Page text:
Prior to these revelations, Cambridge had already triggered scrutiny from the House Intelligence Committee, which requested information from the company in connection with the investigation.

Trump Jr. corresponded with WikiLeaks during the campaign

Trump Jr. released a chain of private Twitter messages with WikiLeaks after The Atlantic first reported on the contacts on Monday afternoon.

In one exchange, WikiLeaks alerted Trump Jr. of the impending launch of an anti-Trump website and offered up the password to it. “Off the record I don’t know who that is but I’ll ask around,” Trump Jr. replied. “Thanks.” It is unclear whether Trump Jr. took WikiLeaks up on the offer.

Stephen Vladeck, a University of Texas law professor, told The Hill that the exchange could lead special counsel Robert Mueller to examine potential violations of the Computer Fraud and Abuse Act — a 1986 law that makes it illegal to access a computer without authorization.

“I think the real question is whether and to what extent it exposes Trump Jr. himself to potentially criminal liability,” Vladeck said.

The full exchange was largely one-sided, with WikiLeaks sending several messages to Trump Jr. that went unreturned. The organization, for instance, proposed that he leak his father’s tax returns to WikiLeaks so the organization could publish them and “improve the perception of our impartiality.” 

Trump Jr. responded a total of three times, including to an October 2016 message in which WikiLeaks asked him to “push” a story in right-wing media accusing Clinton of joking about “droning” Assange.

“Already did that earlier today,” Trump Jr. wrote. “What’s behind this Wednesday leak I keep reading about?”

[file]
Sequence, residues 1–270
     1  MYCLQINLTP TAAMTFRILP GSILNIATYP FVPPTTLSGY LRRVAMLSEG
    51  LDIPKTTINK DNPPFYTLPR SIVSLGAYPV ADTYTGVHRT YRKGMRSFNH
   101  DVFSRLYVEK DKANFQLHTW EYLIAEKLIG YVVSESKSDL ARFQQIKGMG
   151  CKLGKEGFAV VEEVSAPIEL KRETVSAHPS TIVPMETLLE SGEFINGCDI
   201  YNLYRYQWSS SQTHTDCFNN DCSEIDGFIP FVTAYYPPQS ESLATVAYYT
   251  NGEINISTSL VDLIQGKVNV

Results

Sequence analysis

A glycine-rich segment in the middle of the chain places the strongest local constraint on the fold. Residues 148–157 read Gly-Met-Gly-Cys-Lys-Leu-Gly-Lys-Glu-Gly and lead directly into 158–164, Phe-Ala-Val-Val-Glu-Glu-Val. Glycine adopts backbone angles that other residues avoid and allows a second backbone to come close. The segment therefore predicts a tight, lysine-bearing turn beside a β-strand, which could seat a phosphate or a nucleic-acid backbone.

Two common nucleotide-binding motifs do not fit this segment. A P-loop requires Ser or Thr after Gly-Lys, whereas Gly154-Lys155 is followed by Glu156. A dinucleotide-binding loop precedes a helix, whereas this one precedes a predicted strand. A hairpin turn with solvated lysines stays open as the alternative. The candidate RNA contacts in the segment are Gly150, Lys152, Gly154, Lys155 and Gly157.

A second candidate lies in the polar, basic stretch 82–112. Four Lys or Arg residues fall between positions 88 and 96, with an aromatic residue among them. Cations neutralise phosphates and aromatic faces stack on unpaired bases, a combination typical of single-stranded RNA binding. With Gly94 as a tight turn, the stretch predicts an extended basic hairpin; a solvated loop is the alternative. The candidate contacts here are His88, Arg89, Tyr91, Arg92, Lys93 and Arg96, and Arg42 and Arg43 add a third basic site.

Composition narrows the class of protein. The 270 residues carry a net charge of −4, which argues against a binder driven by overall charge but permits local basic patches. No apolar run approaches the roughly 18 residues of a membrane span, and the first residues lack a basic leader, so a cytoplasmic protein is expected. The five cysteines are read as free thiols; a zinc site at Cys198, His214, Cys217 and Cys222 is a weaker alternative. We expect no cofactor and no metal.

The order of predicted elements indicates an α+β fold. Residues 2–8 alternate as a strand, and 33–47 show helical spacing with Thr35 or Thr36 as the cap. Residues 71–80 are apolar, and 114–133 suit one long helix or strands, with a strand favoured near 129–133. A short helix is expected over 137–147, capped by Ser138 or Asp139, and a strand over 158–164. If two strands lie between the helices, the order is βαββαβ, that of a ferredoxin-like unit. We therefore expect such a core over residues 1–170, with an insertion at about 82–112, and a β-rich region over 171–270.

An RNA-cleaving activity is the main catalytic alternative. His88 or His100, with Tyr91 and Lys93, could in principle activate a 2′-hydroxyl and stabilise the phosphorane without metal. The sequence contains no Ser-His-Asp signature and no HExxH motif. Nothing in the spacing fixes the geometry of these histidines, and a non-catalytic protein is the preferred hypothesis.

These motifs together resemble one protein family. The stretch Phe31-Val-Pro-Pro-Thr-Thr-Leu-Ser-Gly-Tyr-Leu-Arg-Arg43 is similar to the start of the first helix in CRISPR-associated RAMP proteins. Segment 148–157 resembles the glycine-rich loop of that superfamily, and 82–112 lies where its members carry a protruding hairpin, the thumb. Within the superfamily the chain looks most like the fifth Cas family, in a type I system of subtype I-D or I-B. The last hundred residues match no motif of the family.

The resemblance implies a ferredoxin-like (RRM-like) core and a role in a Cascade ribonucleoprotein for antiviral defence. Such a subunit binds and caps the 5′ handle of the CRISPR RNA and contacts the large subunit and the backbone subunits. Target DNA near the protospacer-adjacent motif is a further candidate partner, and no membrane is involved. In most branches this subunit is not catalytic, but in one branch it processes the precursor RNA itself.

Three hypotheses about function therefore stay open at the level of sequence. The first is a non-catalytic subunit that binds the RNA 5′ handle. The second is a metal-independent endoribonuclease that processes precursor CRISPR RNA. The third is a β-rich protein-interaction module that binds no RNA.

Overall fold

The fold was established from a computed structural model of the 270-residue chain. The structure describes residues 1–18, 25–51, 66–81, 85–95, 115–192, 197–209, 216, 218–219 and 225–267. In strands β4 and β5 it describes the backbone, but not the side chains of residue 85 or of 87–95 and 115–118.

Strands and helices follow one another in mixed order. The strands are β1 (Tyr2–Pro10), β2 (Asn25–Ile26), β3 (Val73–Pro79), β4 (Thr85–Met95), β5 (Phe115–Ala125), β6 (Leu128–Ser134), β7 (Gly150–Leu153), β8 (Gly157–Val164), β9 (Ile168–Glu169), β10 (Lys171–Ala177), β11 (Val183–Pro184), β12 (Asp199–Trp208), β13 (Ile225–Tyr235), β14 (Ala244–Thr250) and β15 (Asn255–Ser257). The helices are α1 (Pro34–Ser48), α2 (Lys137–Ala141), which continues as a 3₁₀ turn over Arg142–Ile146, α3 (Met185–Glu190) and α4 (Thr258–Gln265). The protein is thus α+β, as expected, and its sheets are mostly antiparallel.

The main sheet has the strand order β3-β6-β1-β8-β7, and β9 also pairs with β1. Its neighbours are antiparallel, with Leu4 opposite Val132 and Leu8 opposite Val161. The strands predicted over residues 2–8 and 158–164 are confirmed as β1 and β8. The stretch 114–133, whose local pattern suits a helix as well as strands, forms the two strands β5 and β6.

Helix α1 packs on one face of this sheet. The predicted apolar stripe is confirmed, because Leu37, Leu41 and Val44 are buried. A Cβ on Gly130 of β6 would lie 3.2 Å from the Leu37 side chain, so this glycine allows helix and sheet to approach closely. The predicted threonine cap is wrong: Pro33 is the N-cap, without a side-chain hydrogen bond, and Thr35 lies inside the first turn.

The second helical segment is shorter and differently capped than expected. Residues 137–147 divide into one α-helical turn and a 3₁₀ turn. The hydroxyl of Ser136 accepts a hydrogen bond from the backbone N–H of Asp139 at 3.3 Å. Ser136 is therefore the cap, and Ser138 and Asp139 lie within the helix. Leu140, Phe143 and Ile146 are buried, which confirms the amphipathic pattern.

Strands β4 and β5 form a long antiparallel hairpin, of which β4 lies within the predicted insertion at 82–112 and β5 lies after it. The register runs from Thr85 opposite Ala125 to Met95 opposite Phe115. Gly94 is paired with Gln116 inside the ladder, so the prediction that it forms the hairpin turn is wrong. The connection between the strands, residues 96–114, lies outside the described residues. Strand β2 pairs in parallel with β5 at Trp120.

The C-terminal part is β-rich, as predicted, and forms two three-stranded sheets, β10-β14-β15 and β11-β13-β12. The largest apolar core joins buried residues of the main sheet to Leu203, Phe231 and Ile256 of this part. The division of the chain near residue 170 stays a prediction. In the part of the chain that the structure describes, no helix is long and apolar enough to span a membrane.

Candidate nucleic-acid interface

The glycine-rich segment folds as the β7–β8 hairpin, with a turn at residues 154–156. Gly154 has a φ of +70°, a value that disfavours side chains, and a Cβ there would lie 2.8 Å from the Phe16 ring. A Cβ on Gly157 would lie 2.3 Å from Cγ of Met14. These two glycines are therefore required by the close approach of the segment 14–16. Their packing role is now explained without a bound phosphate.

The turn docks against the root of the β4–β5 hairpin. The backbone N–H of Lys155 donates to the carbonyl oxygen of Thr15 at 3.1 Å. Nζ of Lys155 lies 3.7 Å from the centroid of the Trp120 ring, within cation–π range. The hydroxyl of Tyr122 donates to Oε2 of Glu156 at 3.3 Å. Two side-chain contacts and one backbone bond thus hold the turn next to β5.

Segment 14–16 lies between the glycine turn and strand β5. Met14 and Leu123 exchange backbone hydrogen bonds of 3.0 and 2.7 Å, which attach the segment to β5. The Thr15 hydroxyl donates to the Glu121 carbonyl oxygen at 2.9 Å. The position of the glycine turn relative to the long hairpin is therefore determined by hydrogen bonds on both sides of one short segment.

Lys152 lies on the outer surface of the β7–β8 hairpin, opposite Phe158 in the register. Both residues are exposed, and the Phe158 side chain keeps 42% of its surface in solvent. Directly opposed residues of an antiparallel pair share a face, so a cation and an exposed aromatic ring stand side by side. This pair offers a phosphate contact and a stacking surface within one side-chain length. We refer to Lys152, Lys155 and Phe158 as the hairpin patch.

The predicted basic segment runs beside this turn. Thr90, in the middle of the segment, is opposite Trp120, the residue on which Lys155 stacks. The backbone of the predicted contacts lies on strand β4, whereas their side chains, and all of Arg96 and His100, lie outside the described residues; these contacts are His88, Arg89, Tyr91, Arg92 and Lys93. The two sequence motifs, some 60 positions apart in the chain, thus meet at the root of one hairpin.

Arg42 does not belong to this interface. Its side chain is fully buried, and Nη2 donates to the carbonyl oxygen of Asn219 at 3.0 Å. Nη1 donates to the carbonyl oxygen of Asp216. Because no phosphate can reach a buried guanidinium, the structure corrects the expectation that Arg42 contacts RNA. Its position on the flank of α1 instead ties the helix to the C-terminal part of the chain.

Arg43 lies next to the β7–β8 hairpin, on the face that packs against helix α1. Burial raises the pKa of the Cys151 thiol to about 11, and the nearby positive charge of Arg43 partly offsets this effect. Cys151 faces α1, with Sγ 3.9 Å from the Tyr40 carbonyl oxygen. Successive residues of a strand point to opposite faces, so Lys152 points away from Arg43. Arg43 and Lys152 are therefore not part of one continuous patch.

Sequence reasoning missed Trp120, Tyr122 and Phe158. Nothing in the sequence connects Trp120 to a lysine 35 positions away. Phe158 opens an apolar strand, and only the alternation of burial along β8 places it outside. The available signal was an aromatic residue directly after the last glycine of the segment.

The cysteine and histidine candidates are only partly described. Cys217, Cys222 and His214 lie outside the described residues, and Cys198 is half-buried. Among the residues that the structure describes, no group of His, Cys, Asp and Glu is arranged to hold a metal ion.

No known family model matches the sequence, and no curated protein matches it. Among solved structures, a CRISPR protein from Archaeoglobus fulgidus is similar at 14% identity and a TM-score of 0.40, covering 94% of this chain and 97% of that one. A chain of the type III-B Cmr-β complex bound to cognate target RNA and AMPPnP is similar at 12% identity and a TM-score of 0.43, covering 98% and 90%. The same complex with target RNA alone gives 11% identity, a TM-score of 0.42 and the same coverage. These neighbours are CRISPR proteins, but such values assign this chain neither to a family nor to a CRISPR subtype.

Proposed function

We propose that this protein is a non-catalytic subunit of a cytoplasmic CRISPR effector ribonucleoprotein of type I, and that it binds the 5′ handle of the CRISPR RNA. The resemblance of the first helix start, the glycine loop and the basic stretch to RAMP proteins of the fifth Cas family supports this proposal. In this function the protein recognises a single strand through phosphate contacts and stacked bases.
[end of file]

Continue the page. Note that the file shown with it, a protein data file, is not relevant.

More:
Democrats have seized on the messages as evidence of coordination between the Trump campaign and Russia-connected individuals.

“It's yet another very high-level campaign person, the president's own son, reaching out in private communication, secret communication with WikiLeaks, and they’re discussing essentially how to coordinate the disclosure of information,” Rep. Adam SchiffAdam Bennett SchiffDemocratic lawmakers not initially targeted in Trump DOJ leak probe: report Sunday shows - Voting rights, infrastructure in the spotlight Schiff calls Iranian presidential election 'predetermined' MORE (D-Calif.), ranking member of the House Intelligence Committee, said on CNN.

But Republicans say they’re not alarmed. Senate Judiciary Chairman Chuck GrassleyChuck GrassleyBiden's program for migrant children doesn't go far enough The Hill's Morning Report - Presented by Facebook - Biden support, gas tax questions remain on infrastructure 64 percent of Iowans say 'time for someone else' to hold Grassley's Senate seat: poll MORE (R-Iowa) called the messages “very innocuous.”

Kushner received emails about WikiLeaks before election 

Kushner received emails about WikiLeaks and Russia before the election that he has not yet, as required, given them to congressional investigators. 

The revelation came Thursday in a letter to Kushner’s lawyer from the leaders of the Senate Judiciary Committee, Sens. Grassley and Dianne FeinsteinDianne Emiel FeinsteinProgressive groups ramp up pressure on Feinstein Youth climate activists march outside California homes of Pelosi and Feinstein Cosmetic chemicals need a makeover MORE (D-Calif.). 

“There are several documents that are known to exist but were not included in your production,” the senators wrote. “For example, other parties have produced September 2016 email communications to Mr. Kushner concerning WikiLeaks, which Mr. Kushner then forwarded to another campaign official. Such documents should have been produced in response to the third request but were not.”

The Judiciary Committee is conducting its own investigation into Russian interference, in addition to the House and Senate Intelligence committees. The committee has requested documents from Kushner as well as a transcribed interview.

The committee originally requested the documents on Oct. 18 and is now demanding the complete documentation by Nov. 27. 

Kushner's lawyer, Abbe Lowell, said Thursday that they provided the Judiciary Committee "with all relevant documents that had to do with Mr. Kushner's calls, contacts or meetings with Russians during the campaign and transition, which was the request." He said they are open to responding to additional requests.